Concussion 1: 13 months prior to exam, Lindsay’s head hit the floor during a basketball game. There was no loss of consciousness (LOC), but possible amnesia was described. Symptoms of headache, balance problems, nausea, and confusion were reported with symptoms that persisted “for weeks.” She was examined by her primary care physician and advised to avoid gym for 4 days and basketball for 2 weeks. There were no other cognitive or physical restrictions, but her symptoms lingered.

Concussion 2: Approximately 2 weeks later, Lindsay sustained an elbow to the head during a basketball game. Again, no LOC was reported, although there was possible amnesia. Her headaches continued along with memory problems, and Lindsay was kept out of sports for 2 weeks with no other restrictions. Despite this, symptoms did not completely resolve.

Concussion 3: Approximately 2 weeks later, Lindsay fell in gym class and hit her head to floor. This time there was a brief LOC. Her mother indicated that Lindsay’s anxiety “came on like a storm…almost impossible to speak to her logically…” Thus, Lindsay was referred for psychiatric treatment and started on a regimen of Zoloft.

Concussion 4: Approximately 10 months later, Lindsay hit her head on the floor during a basketball game, with no LOC reported. However, she continued to experience post-concussion symptoms that had not previously resolved.

Prior to the neuropsychological consultation, Lindsay had been followed by her pediatrician, had had multiple visits to the hospital Emergency Department, and had undergone MRI that was interpreted with negative findings. Lindsay had never taken any time off from school and was never provided any academic accommodations. There was no reported history of significant medical difficulties/disorders/diseases, early childhood or developmental difficulties, mental health difficulties, alcohol/substance use issues, attention deficit disorder, learning disorder, or behavioral problems.

Her parents were not knowledgeable about sports concussion and current identification and management guidelines for youth. They were led to believe by her health care providers and the school that her recent cognitive, emotional, and behavioral difficulties (which had not existed premorbidly) were due to a psychological condition and she was provided psychiatric treatment and prescribed Zoloft.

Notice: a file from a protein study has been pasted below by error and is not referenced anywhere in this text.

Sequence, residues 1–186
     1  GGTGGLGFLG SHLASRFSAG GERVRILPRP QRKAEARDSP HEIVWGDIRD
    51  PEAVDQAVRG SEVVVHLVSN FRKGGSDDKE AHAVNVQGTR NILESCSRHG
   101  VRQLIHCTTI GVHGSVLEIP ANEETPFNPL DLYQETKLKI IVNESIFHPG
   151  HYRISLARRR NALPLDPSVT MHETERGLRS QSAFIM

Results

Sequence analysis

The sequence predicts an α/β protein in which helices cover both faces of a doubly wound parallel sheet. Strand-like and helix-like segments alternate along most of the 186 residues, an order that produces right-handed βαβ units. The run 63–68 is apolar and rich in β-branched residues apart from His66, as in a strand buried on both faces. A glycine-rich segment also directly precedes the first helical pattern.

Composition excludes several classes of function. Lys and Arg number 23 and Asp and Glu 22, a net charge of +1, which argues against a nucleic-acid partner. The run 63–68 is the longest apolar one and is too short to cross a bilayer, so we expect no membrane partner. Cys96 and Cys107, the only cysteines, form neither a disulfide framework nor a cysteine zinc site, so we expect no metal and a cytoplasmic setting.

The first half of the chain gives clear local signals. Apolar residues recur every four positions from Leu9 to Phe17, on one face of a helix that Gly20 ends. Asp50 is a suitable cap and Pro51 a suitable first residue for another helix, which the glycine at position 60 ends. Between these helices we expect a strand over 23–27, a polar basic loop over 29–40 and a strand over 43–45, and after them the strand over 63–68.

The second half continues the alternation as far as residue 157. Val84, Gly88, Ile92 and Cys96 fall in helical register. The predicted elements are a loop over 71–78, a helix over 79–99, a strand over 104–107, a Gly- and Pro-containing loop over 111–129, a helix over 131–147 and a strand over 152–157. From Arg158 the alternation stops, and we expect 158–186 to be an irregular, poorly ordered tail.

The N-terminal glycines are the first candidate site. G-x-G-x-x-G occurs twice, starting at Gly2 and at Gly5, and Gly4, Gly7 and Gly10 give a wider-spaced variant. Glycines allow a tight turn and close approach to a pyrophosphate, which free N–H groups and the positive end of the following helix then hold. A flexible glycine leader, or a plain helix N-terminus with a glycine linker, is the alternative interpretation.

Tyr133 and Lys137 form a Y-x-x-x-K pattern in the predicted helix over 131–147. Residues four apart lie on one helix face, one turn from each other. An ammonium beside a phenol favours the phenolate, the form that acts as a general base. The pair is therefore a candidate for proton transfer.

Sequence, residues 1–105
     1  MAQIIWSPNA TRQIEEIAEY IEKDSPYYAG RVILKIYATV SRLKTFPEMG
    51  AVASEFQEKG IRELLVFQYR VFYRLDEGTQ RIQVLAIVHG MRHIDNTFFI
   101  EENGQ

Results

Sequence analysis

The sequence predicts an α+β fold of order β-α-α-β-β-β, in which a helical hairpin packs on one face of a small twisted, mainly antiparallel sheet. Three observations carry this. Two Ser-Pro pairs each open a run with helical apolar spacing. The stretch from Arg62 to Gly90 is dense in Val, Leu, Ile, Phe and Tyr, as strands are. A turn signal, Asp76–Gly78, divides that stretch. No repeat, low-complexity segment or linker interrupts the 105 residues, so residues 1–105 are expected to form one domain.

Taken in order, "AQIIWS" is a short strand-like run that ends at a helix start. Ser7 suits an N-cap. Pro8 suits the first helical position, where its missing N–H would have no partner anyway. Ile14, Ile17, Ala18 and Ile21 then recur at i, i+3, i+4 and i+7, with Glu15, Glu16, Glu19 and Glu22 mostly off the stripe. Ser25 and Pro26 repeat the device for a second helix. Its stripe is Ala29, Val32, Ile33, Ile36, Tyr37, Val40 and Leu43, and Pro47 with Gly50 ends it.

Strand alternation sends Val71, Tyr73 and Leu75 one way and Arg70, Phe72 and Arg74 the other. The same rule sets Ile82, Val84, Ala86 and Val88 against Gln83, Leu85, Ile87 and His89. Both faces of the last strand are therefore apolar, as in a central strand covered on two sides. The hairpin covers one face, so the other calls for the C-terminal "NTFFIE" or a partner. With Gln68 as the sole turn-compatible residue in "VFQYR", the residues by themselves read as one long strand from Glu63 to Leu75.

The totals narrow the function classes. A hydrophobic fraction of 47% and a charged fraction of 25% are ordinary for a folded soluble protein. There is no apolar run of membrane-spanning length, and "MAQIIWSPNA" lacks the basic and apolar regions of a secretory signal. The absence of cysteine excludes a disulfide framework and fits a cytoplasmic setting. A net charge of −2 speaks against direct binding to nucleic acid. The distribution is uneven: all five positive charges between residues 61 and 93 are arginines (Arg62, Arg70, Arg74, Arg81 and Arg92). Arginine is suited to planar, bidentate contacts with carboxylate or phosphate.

At the time of the initial neuropsychological consultation at our Center, the Immediate Post-Concussion Assessment and Cognitive Testing (ImPACT), a computerized neuropsychological test battery, was performed (Maroon et al., 2000). Although there was no pre-concussion baseline for comparison, Lindsay’s scores were compared to norms for female athletes in her age group. Her scores at the time of the initial exam were quite low (see Table 1). Verbal Memory was below the first percentile and Visual Memory was at the first percentile. Visual Motor Speed and Reaction Time percentiles were also below average. Impulse Control score was within the normal range, providing evidence for a valid test administration (Lovell, 2004; Schatz et al., 2012). The Cognitive Efficiency score, which represents the athlete’s ability to maintain a balance between speed and accuracy in responding to the test items, was low (below 0.20 is a questionable score whereas 0.34 is considered a mean score).


Table 1. Case study ImPACT results (no baseline performed).

Because of the intensity of her symptoms, the length of her post-concussion syndrome, and the number of previous concussions, she was advised to take a medical leave from school for a period of 2 weeks with a regimen of cognitive and physical rest (as described above). In addition, a consultation with a neurologist was recommended. Lindsay and her parents were skeptical of what they perceived as such a drastic recommendation for a medical leave from school and academics. They were then educated about the need for the brain to recover from the neurometabolic cascade that takes place in response to concussion (decreased cerebral blood flow, dysregulation of ions and neurotransmitters) and that this is accomplished with strict rest, instead of continued brain activation that might further deplete available cerebral energy stores. They were explained that the neurometabolic cascade typically occurs early in the post-concussion stage and that given her complex case, there was no guarantee for her recovery, but that perhaps rest could still help her.